Yolo Food Bank Receives the Largest Private Gift in the History of the Organization

(Jessica Loya - Photographer)

The largest private gift in the history of Yolo Food Bank was announced this week on the occasion of the organization’s inaugural donor celebration held on March 15 in Woodland, California. Longtime Davis resident Katherine Chambers passed away on April 6, 2022 naming Yolo Food Bank as a beneficiary of her estate. The organization states this gift of more than $900,000 will impact tens of thousands of lives for decades to come, and will serve as a seed gift for a planned giving circle to be named after Chambers, launching later this year.

“This is an extraordinary gift that doesn’t happen every day – what a testament this is to our mission” said Karen Baker, executive director of Yolo Food Bank. She added, “Yolo Food Bank is honored and grateful to receive a gift of this magnitude that will have a lasting impact not only on our organization, but on the members of our community most in need. We are so grateful for Katherine and hope this will inspire other donors to consider similar ways to shape the present and future of the communities they hold dear.”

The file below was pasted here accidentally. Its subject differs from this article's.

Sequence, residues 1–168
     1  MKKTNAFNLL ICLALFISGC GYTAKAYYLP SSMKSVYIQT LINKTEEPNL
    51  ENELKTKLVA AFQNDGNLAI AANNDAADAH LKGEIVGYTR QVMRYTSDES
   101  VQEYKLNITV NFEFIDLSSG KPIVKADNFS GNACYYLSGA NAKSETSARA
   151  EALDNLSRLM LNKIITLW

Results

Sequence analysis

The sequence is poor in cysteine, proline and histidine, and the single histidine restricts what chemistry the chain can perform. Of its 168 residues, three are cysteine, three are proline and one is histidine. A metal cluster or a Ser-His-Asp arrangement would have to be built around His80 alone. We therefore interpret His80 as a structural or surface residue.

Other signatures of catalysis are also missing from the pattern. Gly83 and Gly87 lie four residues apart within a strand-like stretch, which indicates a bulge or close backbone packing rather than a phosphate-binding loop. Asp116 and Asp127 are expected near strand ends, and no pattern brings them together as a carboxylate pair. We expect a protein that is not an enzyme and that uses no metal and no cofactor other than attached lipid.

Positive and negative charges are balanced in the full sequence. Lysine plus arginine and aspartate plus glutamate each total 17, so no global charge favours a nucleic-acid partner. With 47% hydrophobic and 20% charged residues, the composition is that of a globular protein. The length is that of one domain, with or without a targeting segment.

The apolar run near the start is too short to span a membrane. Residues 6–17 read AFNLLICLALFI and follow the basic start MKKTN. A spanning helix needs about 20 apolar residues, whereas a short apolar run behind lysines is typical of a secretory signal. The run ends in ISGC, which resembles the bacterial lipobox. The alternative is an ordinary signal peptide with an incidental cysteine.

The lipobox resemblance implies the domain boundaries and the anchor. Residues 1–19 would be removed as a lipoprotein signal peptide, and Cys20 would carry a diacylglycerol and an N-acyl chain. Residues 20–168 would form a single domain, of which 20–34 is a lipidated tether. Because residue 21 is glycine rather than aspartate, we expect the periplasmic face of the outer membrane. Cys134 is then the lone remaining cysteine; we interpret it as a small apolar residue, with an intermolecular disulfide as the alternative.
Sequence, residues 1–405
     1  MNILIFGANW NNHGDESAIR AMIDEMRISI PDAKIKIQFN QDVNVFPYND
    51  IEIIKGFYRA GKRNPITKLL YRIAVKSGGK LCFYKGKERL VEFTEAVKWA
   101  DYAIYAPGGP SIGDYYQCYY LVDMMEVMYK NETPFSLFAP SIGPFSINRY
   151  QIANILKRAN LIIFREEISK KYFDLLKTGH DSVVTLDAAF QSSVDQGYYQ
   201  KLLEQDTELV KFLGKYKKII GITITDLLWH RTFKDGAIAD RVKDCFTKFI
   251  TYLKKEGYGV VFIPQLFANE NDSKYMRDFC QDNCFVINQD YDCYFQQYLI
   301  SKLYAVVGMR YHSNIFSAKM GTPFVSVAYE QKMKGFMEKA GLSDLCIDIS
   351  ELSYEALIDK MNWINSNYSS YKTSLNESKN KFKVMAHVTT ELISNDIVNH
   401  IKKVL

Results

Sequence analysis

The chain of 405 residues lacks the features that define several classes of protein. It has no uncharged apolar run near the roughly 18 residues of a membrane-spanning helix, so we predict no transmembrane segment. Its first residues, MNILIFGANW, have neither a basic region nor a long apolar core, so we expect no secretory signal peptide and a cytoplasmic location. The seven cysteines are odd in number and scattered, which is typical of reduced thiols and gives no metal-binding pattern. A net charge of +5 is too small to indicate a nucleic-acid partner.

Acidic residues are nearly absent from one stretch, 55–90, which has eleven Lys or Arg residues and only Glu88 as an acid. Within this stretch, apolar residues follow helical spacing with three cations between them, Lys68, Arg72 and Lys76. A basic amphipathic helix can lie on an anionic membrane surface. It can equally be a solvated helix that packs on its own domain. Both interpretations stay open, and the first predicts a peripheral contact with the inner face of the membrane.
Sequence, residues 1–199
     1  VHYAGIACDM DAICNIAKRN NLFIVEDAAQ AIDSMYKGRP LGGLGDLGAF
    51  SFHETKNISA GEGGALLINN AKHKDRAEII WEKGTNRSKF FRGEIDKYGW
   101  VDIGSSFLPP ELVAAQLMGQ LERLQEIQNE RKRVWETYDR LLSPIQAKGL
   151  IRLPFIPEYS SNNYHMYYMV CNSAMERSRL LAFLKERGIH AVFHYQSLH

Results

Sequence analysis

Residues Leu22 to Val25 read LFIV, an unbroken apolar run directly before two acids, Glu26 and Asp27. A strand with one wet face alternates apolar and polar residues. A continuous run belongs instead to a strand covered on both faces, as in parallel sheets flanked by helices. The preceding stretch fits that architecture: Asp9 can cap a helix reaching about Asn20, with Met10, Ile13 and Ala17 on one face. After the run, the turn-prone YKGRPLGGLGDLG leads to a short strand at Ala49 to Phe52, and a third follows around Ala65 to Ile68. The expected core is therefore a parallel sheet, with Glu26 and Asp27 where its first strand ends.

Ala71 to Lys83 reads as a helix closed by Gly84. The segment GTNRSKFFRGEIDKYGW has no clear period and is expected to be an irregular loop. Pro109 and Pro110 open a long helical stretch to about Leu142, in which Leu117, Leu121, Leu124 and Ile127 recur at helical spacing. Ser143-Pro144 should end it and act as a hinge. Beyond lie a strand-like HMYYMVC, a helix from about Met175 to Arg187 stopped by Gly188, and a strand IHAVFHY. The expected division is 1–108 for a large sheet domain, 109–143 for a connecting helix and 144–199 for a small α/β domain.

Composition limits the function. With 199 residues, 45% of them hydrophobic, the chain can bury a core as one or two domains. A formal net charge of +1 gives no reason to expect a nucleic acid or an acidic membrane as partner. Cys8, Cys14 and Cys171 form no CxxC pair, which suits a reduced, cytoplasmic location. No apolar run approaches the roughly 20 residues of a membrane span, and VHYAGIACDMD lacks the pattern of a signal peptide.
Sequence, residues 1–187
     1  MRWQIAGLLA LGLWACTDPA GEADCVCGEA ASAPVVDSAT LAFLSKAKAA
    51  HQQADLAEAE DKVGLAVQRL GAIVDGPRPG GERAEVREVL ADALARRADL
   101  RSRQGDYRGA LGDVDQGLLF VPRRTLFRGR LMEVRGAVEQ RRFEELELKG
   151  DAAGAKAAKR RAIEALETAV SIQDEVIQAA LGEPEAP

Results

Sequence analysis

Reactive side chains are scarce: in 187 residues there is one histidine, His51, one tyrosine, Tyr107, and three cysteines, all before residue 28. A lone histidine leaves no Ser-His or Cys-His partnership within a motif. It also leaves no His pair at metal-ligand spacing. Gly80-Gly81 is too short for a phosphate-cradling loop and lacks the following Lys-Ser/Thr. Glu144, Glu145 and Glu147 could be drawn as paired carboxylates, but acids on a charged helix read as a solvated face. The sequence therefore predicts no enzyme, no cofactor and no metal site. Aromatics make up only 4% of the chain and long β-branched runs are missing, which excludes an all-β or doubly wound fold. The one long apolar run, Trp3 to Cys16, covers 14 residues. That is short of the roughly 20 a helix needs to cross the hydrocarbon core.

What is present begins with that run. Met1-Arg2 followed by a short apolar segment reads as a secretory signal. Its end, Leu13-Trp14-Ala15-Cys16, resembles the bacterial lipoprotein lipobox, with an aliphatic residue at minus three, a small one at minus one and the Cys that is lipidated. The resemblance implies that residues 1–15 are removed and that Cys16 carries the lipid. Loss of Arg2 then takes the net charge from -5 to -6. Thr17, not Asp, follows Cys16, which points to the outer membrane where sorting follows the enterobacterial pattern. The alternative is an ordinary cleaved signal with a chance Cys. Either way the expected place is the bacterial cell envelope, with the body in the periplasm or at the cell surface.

Born in Rochester, New York, Katherine Chambers was the only child of Edward Chambers and Edna Messeroll Chambers. Her studies lead her to obtain a degree in biological sciences from the Alfred University in Ithaca, New York and a master’s degree in library science from the University of Michigan. Chambers settled in Davis, California in 1984 after accepting a position in the biological and agricultural department of Shields Library at UC Davis. During her 25-year tenure, she curated materials for the library’s collection and taught science database classes and offered her botany and bee culture research expertise for faculty and students.

Chambers lived a life of service and volunteering with numerous organizations in Yolo County, including Yolo Food Bank. She was also a dedicated member of The Friends of West Pond, a volunteer organization and community group who cares for the enhanced wetland wildlife habitat at the West Area Pond in Davis. As a local resident, her favorite weekend destination was the Davis Farmers Market where she would ride her bicycle, as she chose not to drive a car.

“While the amount of this gift is certainly astonishing, what matters most to us is that Katherine Chambers has chosen to trust us with carrying on her legacy,” said Yolo Food Bank Senior Director of Development and Communications Steven Loya. “As food insecurity levels throughout our region keep rising, this major gift could not have come at a more critical time.”

In the coming months, Yolo Food Bank will introduce a planned giving circle to its supporters in honor of Chambers to inspire future gifts by promoting others to consider Yolo Food Bank in their estate plans.

If you’re interested in investing in your community, consider planned giving options. We’d love to talk about your interests! Please reach out to Yolo Food Bank’s Senior Director of Development and Communications Steven Loya at steven@yolofoodbank.org.

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